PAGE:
"I'm well aware of that."

  "Then why?"

  "The truth is important."

  Abby stared off. "I'm also a source."

  "I see. In exchange for information, you pass on what you dig up."

  She did not respond.

  "Does this include me?"

  I asked.

  "I'm not going to screw you, Kay. Have I ever?"

  She looked hard at me.

  "No," I said sincerely. "So far, you never have."

  Her Bloody Mary was set before her, and she absently stirred it with the stalk of celery.

  "All I can tell you," I went on, "is you're walking on dangerous ground. I don't need to elaborate. You should realize this better than anyone. Is it worth the stress? Is your book worth the price, Abby?"

  When she made no comment, I added with a sigh, "I don't guess I'm going to change your mind, am I?"

  "Have you ever gotten into something you can't get out of?"

  "I do it all the time."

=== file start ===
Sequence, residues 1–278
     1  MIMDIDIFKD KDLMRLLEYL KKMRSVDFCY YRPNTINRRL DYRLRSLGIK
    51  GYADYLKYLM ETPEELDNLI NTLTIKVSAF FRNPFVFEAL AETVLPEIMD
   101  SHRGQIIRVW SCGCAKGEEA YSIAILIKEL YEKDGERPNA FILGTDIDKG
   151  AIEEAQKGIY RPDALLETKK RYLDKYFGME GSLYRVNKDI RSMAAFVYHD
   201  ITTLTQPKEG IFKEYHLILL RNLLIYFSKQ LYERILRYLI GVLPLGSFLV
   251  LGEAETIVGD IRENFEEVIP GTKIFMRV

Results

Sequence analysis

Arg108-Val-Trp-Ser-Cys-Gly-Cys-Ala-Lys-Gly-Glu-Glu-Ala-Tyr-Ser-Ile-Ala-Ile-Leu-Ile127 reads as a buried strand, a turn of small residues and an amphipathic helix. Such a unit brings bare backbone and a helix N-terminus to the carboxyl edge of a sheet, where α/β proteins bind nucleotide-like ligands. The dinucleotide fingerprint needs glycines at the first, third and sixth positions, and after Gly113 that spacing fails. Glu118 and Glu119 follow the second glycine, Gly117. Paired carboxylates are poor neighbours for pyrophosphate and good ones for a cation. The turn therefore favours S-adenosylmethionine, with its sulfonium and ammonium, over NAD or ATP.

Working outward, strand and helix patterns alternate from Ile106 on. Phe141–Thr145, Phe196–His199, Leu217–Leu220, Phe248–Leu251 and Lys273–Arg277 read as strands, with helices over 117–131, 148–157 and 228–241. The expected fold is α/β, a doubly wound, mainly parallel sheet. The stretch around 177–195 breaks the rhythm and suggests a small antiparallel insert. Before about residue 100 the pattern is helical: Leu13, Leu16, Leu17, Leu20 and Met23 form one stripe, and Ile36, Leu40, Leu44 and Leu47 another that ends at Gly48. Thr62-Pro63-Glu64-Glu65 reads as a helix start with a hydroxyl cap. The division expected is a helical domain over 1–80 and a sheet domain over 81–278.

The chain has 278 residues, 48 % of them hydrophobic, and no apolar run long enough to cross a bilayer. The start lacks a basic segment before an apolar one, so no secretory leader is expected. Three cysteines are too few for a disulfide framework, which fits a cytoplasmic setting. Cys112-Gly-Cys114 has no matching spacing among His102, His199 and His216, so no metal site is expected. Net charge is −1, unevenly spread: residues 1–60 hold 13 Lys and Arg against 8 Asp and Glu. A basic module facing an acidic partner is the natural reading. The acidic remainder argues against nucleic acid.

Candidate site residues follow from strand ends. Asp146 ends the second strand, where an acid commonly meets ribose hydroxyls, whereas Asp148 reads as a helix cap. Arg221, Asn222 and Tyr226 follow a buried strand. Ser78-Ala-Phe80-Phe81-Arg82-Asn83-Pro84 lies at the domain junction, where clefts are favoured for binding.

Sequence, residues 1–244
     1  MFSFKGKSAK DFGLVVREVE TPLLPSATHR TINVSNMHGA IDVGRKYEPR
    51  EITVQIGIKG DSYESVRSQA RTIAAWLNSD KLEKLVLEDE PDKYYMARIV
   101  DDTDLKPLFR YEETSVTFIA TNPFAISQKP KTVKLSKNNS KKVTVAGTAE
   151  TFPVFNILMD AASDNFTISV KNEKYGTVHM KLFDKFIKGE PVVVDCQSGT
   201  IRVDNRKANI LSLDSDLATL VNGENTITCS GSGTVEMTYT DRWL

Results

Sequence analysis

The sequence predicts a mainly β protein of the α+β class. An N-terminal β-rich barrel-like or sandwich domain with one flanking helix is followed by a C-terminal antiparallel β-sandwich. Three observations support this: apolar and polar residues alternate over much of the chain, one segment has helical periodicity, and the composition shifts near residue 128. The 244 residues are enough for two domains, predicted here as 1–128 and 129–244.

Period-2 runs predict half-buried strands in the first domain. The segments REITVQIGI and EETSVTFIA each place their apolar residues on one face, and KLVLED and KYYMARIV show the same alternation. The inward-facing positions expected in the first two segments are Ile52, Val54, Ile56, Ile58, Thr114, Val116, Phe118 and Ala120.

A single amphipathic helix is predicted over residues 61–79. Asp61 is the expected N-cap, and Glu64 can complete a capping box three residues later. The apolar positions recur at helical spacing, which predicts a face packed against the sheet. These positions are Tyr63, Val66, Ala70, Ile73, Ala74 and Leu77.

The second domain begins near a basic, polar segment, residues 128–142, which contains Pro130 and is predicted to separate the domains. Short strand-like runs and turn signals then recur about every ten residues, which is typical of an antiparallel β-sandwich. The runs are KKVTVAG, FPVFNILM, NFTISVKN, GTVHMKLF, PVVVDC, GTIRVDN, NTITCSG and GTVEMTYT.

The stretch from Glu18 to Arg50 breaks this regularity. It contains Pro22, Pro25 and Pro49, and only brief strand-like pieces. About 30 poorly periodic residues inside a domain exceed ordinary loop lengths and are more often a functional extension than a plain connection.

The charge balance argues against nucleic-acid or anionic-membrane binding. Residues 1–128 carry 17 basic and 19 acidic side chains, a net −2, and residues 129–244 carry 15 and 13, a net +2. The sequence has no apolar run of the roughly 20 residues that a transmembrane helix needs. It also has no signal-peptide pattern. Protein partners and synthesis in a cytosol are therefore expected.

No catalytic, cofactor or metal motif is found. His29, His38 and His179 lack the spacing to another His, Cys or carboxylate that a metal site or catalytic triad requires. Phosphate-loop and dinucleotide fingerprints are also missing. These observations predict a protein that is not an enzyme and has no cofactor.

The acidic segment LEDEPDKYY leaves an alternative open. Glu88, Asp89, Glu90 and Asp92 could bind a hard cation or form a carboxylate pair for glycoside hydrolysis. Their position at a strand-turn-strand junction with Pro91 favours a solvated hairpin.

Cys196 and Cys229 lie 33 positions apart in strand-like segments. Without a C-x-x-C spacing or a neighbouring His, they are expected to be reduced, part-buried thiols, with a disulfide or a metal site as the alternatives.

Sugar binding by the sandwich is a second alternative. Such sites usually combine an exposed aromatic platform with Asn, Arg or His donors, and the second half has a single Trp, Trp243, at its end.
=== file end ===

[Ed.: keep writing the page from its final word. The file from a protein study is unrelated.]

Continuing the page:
I smiled wryly. "That's where I am now."

  "That's where I am, too."

  "I see. And what if you're wrong, Abby?"

  "I'm not the one who can be wrong," she replied. "Whatever the truth is about who's committing these murders, the fact remains that the FBI and other interested agencies are acting on certain suspicions and making decisions based on them. That's reportable. If the feds, the police, are wrong, it just adds another chapter."

  "That sounds awfully cold," I said uneasily.

  "I'm being professional, Kay. When you talk professionally, sometimes you sound cold, too."

  I had talked to Abby directly after the body of her murdered sister was discovered. If I hadn't sounded cold on that horrible occasion, at best I had come across as clinical.

  "I need your help with something," I said. "Eight years ago, two women were murdered very close to here. Elizabeth Mott and Jill Harrington."

  She looked curiously at me. "You don't think - "

  "I'm not sure what I'm thinking," I interrupted. "But I need to know the details of the cases. There's very little in my office reports. I wasn't in Virginia then. But there are news clips in the files. Several of them have your byline."

  "It's hard for me to imagine that what happened to Jill and Elizabeth is connected to the other cases.' "So you remember them," I said, relieved.

  "I will never forget them. It was one of the few times working on something actually gave me nightmares."

  "Why is it hard for you to imagine a connection?"